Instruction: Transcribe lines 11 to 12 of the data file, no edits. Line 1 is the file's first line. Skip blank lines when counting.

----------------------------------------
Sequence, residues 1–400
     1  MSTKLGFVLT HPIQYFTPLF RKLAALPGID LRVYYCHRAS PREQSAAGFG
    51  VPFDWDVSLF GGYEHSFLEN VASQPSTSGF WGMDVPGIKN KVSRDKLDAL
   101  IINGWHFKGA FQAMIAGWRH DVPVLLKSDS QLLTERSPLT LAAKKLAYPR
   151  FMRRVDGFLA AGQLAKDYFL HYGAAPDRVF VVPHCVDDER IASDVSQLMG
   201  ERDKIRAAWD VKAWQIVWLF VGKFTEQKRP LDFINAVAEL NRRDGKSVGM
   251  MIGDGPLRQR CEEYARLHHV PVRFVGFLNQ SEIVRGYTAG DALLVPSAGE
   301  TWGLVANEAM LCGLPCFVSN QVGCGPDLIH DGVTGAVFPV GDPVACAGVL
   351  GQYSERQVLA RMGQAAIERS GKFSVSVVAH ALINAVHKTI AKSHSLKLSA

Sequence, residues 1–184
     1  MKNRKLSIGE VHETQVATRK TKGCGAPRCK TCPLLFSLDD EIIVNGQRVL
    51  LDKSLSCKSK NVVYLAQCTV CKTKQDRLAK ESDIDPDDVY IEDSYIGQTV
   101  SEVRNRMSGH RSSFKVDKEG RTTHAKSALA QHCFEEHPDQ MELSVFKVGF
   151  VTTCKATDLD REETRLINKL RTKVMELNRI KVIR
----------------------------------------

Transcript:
     1  MKNRKLSIGE VHETQVATRK TKGCGAPRCK TCPLLFSLDD EIIVNGQRVL
    51  LDKSLSCKSK NVVYLAQCTV CKTKQDRLAK ESDIDPDDVY IEDSYIGQTV